Although predictions had been made of the approach of a financial crisis, there were no apprehensions of its immediate occurrence. On the contrary there were in almost every direction evidences of prosperity. The harvest was nearly or quite completed, and the bins and granaries were full to overflowing. The manufacturing and mining interests had also been prosperous during the year, and there was good promise that the fall trade, which had opened, would be as large as during previous years. The value of the cereals, potatoes, tobacco, and hay for 1872, is estimated by the Department of Agriculture at $1,324,385,000. It is supposed that the value of these products for the present year, a large portion of which was at this time ready for sale and awaiting shipment to market, will not vary materially from the above-mentioned estimate of last year. An estimate based upon the census returns of 1869 gives the probable aggregate value of the marketable products of industry for that year as $4,036,000,000, and a similar estimate upon the same basis, and upon returns to the Agricultural Department, gives an increase of $1,788,000,000 for 1873 over the amount for 1868.

It is not the province of the Comptroller to explain the causes which led to this suspension. In order to enter upon such an explanation it would be necessary to obtain comparative data for a series of years in reference to the imports and exports, the products of industry, the issue of currency and other evidences of debt, and, in fact, a general discussion of the political economy of the country. The immediate cause of the crisis is, however, more apparent. The money market had become overloaded with debt, the cost of railroad construction for five years past being estimated to have been $1,700,000,000, or about $340,000,000 annually; while debt based upon almost every species of property-State, city, town, manufacturing corporations, and mining companies-had been sold in the market. Such bonds and stocks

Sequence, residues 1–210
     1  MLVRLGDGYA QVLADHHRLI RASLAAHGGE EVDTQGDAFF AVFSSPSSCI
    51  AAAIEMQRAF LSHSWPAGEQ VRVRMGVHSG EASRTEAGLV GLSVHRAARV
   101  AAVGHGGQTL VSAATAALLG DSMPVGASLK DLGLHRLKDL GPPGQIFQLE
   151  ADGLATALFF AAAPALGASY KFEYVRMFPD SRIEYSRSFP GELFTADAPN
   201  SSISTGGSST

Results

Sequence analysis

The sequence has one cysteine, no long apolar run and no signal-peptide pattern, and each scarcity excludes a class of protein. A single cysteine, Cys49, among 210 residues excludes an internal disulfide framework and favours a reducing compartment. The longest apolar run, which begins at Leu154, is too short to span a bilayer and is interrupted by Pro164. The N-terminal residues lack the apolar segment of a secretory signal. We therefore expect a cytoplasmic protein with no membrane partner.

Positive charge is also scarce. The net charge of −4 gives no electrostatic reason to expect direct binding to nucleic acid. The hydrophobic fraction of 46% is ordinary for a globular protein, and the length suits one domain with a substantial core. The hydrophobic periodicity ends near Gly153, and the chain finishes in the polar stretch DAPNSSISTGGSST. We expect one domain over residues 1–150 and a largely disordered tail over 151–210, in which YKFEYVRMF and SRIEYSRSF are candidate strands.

had been disposed of to a considerable extent in foreign markets, and so long as this continued the sale of similar securities was stimulated, and additional amounts offered. When the sale of such securities could no longer be effected abroad, the bonds of railroads and other enterprises of like nature which were in process of construction were thus forced upon the home market, until their negotiation became almost impossible. The bankers of the city of New York, who were burdened with the load, could not respond to the demands of their creditors, the numerous holders of similar securities became alarmed, and the panic soon extended throughout the country.

The present financial crisis may, in a great degree, be attributed to the intimate relations of the banks of the city of New York with the transactions of the stock-board, more than one-fourth, and in many instances nearly one-third, of the bills-receivable of the banks, since the late civil war, having consisted of demand loans to brokers and members of the stock-board, which transactions have a tendency to impede and unsettle, instead of facilitating, the legitimate business interests of the whole country. Previous to the war the stock-board is said to have consisted of only one hundred and fifty members, and its organic principle was a strictly commission business, under a stringent and conservative constitution and by-laws. The close of the war found the membership of the stock-board increased to eleven hundred, and composed of men from all parts of the country, many